Good day readers! It has long been my goal to promote health, wellness, and preventative medicine. This is a big part of why I got into medicine in the first place, and I now feel compelled to share some of my experiences and insights with those who may be interested.
I have offered to write a weekly (time and energy permitting!) periodical for the purpose of engaging the public in discussion of various health related topics. I hope that my audience finds these writings helpful and approachable, no matter what their current level of medical knowledge is, and I would encourage anyone with a health-related topic to suggest for this column to submit it to my email, noted below.
I have recently started practice at Dundy County Hospital in Benkelman. I am very excited to be part of my new community and I look forward to serving any who might need or want me as their physician. For those who are still wondering… Yes, I love it here. Briefly, my background is in General Surgery, where I completed 3.5 years of training, but ultimately decided that this was not the right cultural or professional fit for me. I later switched to Chronic Wound Care and Regenerative Medicine, while working to build a practice as a General Practitioner (GP) in New Haven, CT, while I completed my fellowship training. The evolution of my practice away from Surgery and into Primary Care/Wound Care has been very rewarding. I am currently taking new patients, and if you find that you need a Primary Care Physician (PCP), I would be happy to see patients of all ages in my office at the Quality Healthcare Clinic (QHC) in Benkelman, please call to make an appointment.
I have a very broad range of interests, both medical and non-medical, and I am happy to engage in discussion about a wide range of health-related subjects. I do not pretend to be an expert at everything health-related, this is simply not possible for anyone. I do, however, have a very curious and academic mind and will always do whatever background research might be needed before responding, both verbally and in print form, to ensure that what I publish is up-to-date and high-quality information. In situations where definite guidelines may not exist or in situations where I am sharing my opinion instead of concrete medical fact, I will do my best to say so explicitly.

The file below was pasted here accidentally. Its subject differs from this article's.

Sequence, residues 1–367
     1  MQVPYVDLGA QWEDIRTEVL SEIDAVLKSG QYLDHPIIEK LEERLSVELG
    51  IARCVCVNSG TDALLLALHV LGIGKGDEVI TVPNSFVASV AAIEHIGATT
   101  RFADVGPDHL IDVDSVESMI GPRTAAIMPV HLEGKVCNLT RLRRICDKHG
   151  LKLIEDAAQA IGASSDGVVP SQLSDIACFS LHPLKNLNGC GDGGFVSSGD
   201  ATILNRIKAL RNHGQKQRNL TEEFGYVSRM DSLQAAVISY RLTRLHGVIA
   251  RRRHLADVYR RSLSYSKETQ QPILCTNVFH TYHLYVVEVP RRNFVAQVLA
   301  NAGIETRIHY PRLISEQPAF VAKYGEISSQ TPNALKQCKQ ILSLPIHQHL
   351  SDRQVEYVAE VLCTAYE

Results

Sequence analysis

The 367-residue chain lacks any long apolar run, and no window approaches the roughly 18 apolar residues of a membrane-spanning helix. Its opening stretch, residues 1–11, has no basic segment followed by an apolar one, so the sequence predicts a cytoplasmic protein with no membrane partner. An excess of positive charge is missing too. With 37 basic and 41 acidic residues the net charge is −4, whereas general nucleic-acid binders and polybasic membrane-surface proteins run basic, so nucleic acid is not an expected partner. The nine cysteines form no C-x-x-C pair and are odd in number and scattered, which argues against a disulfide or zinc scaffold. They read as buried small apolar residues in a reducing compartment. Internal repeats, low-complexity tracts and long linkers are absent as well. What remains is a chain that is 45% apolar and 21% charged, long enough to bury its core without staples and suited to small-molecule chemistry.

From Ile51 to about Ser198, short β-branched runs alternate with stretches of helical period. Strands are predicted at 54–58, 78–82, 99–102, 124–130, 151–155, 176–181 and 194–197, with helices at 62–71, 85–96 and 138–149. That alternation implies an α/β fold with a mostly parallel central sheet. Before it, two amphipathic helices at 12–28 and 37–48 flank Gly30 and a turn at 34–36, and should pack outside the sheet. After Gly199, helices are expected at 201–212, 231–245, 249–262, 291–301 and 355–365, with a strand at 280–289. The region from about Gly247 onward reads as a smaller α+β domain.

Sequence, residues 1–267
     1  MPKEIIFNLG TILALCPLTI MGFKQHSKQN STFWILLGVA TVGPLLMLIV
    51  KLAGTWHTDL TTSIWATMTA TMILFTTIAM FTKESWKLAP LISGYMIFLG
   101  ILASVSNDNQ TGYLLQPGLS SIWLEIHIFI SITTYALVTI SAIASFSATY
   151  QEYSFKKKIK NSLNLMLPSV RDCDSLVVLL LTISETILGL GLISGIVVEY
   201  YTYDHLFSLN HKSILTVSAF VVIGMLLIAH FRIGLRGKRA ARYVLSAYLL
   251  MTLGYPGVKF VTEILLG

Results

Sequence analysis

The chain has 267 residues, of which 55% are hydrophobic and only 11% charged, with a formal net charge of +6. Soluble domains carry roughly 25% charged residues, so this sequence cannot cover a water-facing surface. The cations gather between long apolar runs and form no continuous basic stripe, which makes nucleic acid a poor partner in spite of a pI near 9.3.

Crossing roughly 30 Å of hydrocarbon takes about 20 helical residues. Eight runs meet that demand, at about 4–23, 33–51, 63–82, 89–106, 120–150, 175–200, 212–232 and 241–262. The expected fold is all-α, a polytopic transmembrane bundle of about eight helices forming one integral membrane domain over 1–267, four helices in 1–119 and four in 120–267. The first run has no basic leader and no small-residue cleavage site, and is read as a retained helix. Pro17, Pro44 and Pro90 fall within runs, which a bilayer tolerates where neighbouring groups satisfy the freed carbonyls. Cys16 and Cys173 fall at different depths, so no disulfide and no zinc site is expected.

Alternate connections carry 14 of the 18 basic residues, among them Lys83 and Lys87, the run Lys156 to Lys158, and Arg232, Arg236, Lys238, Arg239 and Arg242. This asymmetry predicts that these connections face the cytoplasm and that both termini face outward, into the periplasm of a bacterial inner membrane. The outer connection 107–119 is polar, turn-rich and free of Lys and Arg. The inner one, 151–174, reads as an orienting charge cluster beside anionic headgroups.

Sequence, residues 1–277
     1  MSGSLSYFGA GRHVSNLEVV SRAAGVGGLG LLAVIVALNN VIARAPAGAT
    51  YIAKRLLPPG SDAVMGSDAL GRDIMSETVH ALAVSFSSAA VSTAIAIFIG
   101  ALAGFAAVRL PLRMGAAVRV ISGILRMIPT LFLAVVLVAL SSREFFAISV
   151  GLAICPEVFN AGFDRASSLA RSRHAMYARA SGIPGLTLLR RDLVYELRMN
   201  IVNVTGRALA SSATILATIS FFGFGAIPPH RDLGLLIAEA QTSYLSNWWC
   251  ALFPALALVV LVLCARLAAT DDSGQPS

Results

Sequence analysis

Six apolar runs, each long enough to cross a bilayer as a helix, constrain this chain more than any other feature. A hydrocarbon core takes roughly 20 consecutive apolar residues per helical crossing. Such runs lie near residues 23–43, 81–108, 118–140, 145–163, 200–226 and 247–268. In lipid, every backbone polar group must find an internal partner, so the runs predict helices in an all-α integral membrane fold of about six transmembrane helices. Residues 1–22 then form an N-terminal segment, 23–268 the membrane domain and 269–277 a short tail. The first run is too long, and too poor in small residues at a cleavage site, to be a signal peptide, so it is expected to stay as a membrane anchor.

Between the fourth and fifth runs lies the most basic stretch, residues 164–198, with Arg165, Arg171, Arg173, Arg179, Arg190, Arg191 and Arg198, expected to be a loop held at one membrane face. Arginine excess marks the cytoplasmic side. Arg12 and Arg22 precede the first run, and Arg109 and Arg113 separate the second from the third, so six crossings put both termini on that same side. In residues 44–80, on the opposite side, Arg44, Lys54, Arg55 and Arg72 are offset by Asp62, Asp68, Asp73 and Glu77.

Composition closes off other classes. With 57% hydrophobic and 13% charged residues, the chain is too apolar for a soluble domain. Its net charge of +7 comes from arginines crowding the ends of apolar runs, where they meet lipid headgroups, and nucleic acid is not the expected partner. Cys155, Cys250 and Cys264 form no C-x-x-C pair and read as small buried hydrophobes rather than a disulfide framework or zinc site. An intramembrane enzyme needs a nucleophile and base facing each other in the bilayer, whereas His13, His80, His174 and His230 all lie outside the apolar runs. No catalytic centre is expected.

The first topic I’d like to discuss is the importance of having a PCP, even when you may have no known medical problems. The job of a PCP is simply to accept responsibility for helping you maintain your health. This task broadly encompasses 1) Taking care of you when you are sick, 2) Helping you to prevent getting sick in the first place, and 3) detecting illness at an early stage when it does develop, making it easier to treat and minimizing the long-term consequences of having that illness. God made us mortal and fragile, we will all have inevitable brushes with illness at some point. When this happens it’s great to have a doctor who already knows as much about you as possible.
In modern American healthcare, most patients probably don’t have a single doctor, they have an army of specialists taking care of them. Depending on what medical conditions someone has, they might have a cardiologist, a nephrologist, a gastroenterologist, a surgeon, an orthopedic surgeon, an endocrinologist, a neurologist, a psychiatrist… the list has the potential to get quite tiresome. These specialists are experts in a very narrow field of medicine, and they will take great care of you regarding their specific area of responsibility for your health, but a specialist usually will not accept long-term responsibility for your overall health.
Occasionally, specialist recommendations might conflict, or if they don’t conflict directly, adjustments might need to be made to help the various components of their plans fit together in a way that addresses all your medical problems, makes sense for your life and lifestyle, and minimizes the overall number of medications you need to take every day. The best way to make sure that the entire healthcare team takes great care of you is to have a knowledgeable doctor take charge of that team for you.
Your PCP is not an expert at everything, but they are trained and competent in the full scope of medicine so that when a specialist tells them what the plan is, they understand what needs to be done, why it’s important, and how to help implement that plan for you going forward. While the specialist offers their recommendations, or provides a unique service that the PCP cannot, it is ultimately your PCP who accepts long term responsibility for guiding you through all the healthcare decisions you will have to make in your life. In my role as a PCP, I am this guide.
I am also an educator; I feel it is vitally important for patients to understand their medical conditions, medications, and the consequences of their healthcare decisions, and I spend as much time as possible teaching my patients about these topics. Sometimes this results in my spending more time with my patients than is average (it is not uncommon for me to spend 45 minutes or more with a patient who has multiple medical problems), and I hope that I do this in such a way that my patients appreciate the value of this time.
Just as I will engage all my patients in these discussions, I invite the readers to engage me anonymously in this forum. If you email me with questions, your identity will be protected as I answer your question in print. For more specific or personal discussions about your healthcare, feel free to call to make an appointment with me!
Next time, I will discuss some of the things I think about when I consider ‘Preventative Health’ for my patients, and why Preventative Health appointments are beneficial to schedule even before you get sick. Thank you for reading.